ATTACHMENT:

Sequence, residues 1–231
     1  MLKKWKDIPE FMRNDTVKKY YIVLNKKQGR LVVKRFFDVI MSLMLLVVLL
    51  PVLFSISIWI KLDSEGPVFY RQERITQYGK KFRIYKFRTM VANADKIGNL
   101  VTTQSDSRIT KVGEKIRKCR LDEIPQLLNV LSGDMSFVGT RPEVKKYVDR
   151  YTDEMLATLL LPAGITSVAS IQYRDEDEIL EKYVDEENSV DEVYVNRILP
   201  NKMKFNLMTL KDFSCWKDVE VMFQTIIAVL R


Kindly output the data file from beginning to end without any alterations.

Sequence, residues 1–231
     1  MLKKWKDIPE FMRNDTVKKY YIVLNKKQGR LVVKRFFDVI MSLMLLVVLL
    51  PVLFSISIWI KLDSEGPVFY RQERITQYGK KFRIYKFRTM VANADKIGNL
   101  VTTQSDSRIT KVGEKIRKCR LDEIPQLLNV LSGDMSFVGT RPEVKKYVDR
   151  YTDEMLATLL LPAGITSVAS IQYRDEDEIL EKYVDEENSV DEVYVNRILP
   201  NKMKFNLMTL KDFSCWKDVE VMFQTIIAVL R